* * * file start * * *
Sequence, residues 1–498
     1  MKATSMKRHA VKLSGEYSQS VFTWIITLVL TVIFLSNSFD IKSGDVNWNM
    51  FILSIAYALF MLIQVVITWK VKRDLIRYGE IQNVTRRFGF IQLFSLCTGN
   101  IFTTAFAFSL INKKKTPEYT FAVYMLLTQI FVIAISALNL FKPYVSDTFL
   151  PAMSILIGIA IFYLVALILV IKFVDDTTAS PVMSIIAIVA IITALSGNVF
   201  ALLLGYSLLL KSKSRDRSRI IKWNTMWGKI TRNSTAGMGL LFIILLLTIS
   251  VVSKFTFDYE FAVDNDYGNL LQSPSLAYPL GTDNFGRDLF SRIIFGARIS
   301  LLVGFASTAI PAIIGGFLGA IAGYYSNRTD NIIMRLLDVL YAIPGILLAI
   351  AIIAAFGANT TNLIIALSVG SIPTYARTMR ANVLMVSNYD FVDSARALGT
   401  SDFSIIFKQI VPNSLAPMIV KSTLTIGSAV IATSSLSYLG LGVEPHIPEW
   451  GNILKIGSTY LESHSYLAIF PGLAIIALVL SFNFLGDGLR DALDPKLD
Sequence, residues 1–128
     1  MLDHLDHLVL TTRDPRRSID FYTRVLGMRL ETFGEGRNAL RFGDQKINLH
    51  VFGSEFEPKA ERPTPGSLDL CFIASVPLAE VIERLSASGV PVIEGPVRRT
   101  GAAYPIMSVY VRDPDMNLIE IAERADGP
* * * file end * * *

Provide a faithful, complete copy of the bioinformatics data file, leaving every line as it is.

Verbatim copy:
Sequence, residues 1–498
     1  MKATSMKRHA VKLSGEYSQS VFTWIITLVL TVIFLSNSFD IKSGDVNWNM
    51  FILSIAYALF MLIQVVITWK VKRDLIRYGE IQNVTRRFGF IQLFSLCTGN
   101  IFTTAFAFSL INKKKTPEYT FAVYMLLTQI FVIAISALNL FKPYVSDTFL
   151  PAMSILIGIA IFYLVALILV IKFVDDTTAS PVMSIIAIVA IITALSGNVF
   201  ALLLGYSLLL KSKSRDRSRI IKWNTMWGKI TRNSTAGMGL LFIILLLTIS
   251  VVSKFTFDYE FAVDNDYGNL LQSPSLAYPL GTDNFGRDLF SRIIFGARIS
   301  LLVGFASTAI PAIIGGFLGA IAGYYSNRTD NIIMRLLDVL YAIPGILLAI
   351  AIIAAFGANT TNLIIALSVG SIPTYARTMR ANVLMVSNYD FVDSARALGT
   401  SDFSIIFKQI VPNSLAPMIV KSTLTIGSAV IATSSLSYLG LGVEPHIPEW
   451  GNILKIGSTY LESHSYLAIF PGLAIIALVL SFNFLGDGLR DALDPKLD
Sequence, residues 1–128
     1  MLDHLDHLVL TTRDPRRSID FYTRVLGMRL ETFGEGRNAL RFGDQKINLH
    51  VFGSEFEPKA ERPTPGSLDL CFIASVPLAE VIERLSASGV PVIEGPVRRT
   101  GAAYPIMSVY VRDPDMNLIE IAERADGP